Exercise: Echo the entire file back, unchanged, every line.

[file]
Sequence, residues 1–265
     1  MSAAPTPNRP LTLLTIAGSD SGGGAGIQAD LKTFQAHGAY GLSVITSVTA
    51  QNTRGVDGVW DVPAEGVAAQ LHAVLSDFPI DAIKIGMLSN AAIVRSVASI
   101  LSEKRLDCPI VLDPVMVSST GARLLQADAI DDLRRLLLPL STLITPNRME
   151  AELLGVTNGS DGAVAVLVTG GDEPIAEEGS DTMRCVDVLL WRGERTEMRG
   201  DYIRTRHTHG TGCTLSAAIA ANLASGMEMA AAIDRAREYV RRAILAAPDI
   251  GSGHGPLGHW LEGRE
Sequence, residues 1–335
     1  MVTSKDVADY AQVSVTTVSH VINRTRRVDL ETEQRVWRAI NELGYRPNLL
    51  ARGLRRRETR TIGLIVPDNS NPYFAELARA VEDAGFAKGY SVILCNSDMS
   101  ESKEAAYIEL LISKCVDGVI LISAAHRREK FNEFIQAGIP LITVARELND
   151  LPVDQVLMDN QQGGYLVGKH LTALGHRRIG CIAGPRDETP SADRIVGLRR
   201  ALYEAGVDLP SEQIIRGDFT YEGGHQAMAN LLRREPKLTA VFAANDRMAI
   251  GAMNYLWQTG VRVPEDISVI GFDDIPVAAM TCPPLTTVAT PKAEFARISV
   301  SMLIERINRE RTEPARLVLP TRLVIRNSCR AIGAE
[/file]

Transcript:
Sequence, residues 1–265
     1  MSAAPTPNRP LTLLTIAGSD SGGGAGIQAD LKTFQAHGAY GLSVITSVTA
    51  QNTRGVDGVW DVPAEGVAAQ LHAVLSDFPI DAIKIGMLSN AAIVRSVASI
   101  LSEKRLDCPI VLDPVMVSST GARLLQADAI DDLRRLLLPL STLITPNRME
   151  AELLGVTNGS DGAVAVLVTG GDEPIAEEGS DTMRCVDVLL WRGERTEMRG
   201  DYIRTRHTHG TGCTLSAAIA ANLASGMEMA AAIDRAREYV RRAILAAPDI
   251  GSGHGPLGHW LEGRE
Sequence, residues 1–335
     1  MVTSKDVADY AQVSVTTVSH VINRTRRVDL ETEQRVWRAI NELGYRPNLL
    51  ARGLRRRETR TIGLIVPDNS NPYFAELARA VEDAGFAKGY SVILCNSDMS
   101  ESKEAAYIEL LISKCVDGVI LISAAHRREK FNEFIQAGIP LITVARELND
   151  LPVDQVLMDN QQGGYLVGKH LTALGHRRIG CIAGPRDETP SADRIVGLRR
   201  ALYEAGVDLP SEQIIRGDFT YEGGHQAMAN LLRREPKLTA VFAANDRMAI
   251  GAMNYLWQTG VRVPEDISVI GFDDIPVAAM TCPPLTTVAT PKAEFARISV
   301  SMLIERINRE RTEPARLVLP TRLVIRNSCR AIGAE